>What is IPFS?
A fully decentralized, distributed and encrypted file distribution platform.
>why would one use it
* Distributed and decentralized: no single point of failure, censorship-resistant.
* You can have a mutable address (i.e. always points to the latest version of a site), or a static address (points to a specific file). Yes, you can host sites over IPFS.
* Peers are found fast for new downloads. You don't need to wait that much to start a download.
* You can watch your animu while it downloads, I watched few episodes that way and it didn't even buffer.
Presentation of ipfs by its lead designer:
>how to upload a single file
$ ipfs add ./$file
Access it at localhost:8080/ipfs/$outputted-hash
>how to upload a dir
$ ipfs add -r ./$dir
Access it at localhost:8080/ipfs/$last-outputted-hash
>how to make the thing mutable
$ ipfs name publish ./$file-or-dir-hash
Access it at localhost:8080/ipns/$output-hash-aka-peerid (it's ipNs not ipFs)
To update, publish another hash and it will be available at the same IPNS address.
>gateways (how to access IPFS if you don't have it installed)
>I2P and Tor support coming soon™. We need that thing anonymous so pls halp.
>Sites with content on them
/ipns/gindex.dynu.com/ site index
/ipns/QmUqBf56JeGUvuf2SiJNJahAqaVhFSHS6r9gYk5FbS4TAn anime tracker
threadly reminder to pin files that you care about.
Video for big guys:
Can be streamed easily by putting the url in a videoplayer of choice. IPFS is that fast.
We also have the full /g/entoomen library:
We got quite a lot of stuff now in the index.
Someone was archiving mame roms over at notjesus but then they stopped posting before they uploaded anything. Not sure if they uploaded them or not yet.
We also already have the atari collection.
In case you were planning on doing either of these systems.
To the guy from last thread who posted this:
I cant seem to access the DAICON directory, is it still being seeded? Also according to ipfs, the folder is 280 MBs. If you want this added to my tracker, Im gonna need the full show.
ipfs is fucked
If someone else has the file and uploads it, then since it's content addressed, both of you will seed the file. Additionally, if someone requests the hash (even if they don't have the file), then they can receive it from you even if you didn't give them the hash yourself.
Onion routing isn't encryption, tor and i2p encrypt traffic and then rout it. The encryption is not part of the routing protocol and the routing protocol does not rely on encryption - they're 2 completely different things. The routing protocol provides anonymity, the encryption provides encryption. Together they prevent any information leak. Encryption alone only prevents MITM and on-the-fly reads. Routing alone only prevents learning the origin and end of traffic without doing a MITM or on-the-fly read.
Encryption is a fundamental requirement for onion routing. Without it, all nodes along the path you're sending your traffic will know the entire remaining list of nodes in the path, meaning they will always know the destination node and have a fair chance of figuring out the source.
>doesn't even use delay tolerant networking for dealing with speed-of-light latencies measured in minutes between planets
baka desu sempai
When you fetch content, you query nearest nodes first and on, such that large-distance relays work just fine. It is a sane approach to delay tolerance that scales better than looking for a file forever when you don't know if the file even exists.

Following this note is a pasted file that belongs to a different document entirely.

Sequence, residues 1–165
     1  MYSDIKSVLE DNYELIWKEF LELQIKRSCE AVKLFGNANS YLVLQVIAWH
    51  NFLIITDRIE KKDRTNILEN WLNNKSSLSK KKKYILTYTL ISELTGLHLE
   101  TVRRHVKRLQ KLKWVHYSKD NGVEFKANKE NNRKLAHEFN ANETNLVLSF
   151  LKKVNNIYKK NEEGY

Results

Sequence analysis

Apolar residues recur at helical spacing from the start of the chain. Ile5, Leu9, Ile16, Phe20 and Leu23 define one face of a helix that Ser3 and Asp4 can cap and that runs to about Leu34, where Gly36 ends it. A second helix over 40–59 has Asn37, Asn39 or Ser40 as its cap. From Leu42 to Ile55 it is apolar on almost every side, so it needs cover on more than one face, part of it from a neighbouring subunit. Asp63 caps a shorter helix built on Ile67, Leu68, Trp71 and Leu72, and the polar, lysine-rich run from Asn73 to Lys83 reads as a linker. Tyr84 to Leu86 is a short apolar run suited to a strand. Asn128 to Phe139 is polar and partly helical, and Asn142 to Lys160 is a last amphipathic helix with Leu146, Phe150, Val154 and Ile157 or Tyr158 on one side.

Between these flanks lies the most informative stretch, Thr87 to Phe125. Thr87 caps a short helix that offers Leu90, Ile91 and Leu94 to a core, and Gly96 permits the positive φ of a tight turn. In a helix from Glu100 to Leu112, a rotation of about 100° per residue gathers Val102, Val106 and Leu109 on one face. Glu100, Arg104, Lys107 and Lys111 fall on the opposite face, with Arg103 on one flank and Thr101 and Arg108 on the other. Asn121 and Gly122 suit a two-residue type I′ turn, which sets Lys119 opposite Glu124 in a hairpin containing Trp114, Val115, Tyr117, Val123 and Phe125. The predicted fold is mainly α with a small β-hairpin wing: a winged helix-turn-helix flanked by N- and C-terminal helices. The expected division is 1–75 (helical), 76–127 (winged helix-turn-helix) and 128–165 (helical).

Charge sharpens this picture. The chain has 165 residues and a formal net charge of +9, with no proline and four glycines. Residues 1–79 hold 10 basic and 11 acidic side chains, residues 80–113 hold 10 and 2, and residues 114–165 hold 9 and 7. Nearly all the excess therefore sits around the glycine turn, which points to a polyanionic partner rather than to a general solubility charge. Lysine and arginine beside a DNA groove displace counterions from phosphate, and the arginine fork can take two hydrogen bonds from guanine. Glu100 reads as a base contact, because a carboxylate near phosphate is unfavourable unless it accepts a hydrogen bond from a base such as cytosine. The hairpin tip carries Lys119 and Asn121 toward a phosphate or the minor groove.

Huh? I was responding to someone who thinks encryption == anonymity. It doesn't matter if you think layering encryption in Tor or i2p is pointless or not. The point is that IPFS does no such thing.
It can be extended to fit any future transport protocol, IIRC.
The good news is the protocols already exist.
Setting up a virtualized network with something like 15-minute latency between hosts would be a good way to do it, but I'm not sure how you'd set that up in any common virtualization platform.
>Setting up a virtualized network with something like 15-minute latency between hosts would be a good way to do it, but I'm not sure how you'd set that up in any common virtualization platform.
I'm pretty sure pf can simulate packet loss and delay, I see no reason why it couldn't delay 15 minutes and limit bandwidth too
>>51575023$ ipfs get <hash>/<filename>
or$ ipfs resolve <hash>/<filename>
$ ipfs get <filehash>
if you want to do it all by hashes for some reason.
Substitute get for pin, cat etc. as you see fit.
You can just browse through the directory in your browser, or you can use ipfs get <directory-hash> or ipfs get <directory-hash>/<filename>. You can also see a directory's content (filenames and hashes) by ipfs ls <directory-hash>.
ipfs reminds me of tahoe-lafs in a few ways.
I understand they don't serve the same purpose.
Tahoe has the shared datastore and duplication, which ipfs sort of has with the caching, its just not a set amount of distribution.
Tahoe normally doesn't have public gateways, so it's a plus that all ipfs gateways are essentially equal.
Well, I have a ADSL2 router with integrated WiFi (WPA2-PSK). Only my PC is using the network right now.
My PC is connected by wire to another router, which acts as a WiFi receiver - I use that so that my TV can also connect to the network.
What made you stop shilling GNUnet, OP?
Slow as fuck
Buggy as fuck
No chance of a viable GUI in a thousand years
No 3rd party interest
20 years in development, still unusable
Fast as all fuck
GUI is usable
Healthy 3rd party interest
Alpha begun only a year ago, perfectly usable
>mfw ipfs leaks your ip to the other peers
>mfw you are willingly giving "ipfs.io" their ip addresses
>mfw you're literally telling them which illegal files you're about to pirate ("The.Dark.Knight.Rises.2012.720p.BluRay.x264.YIFY.mp4")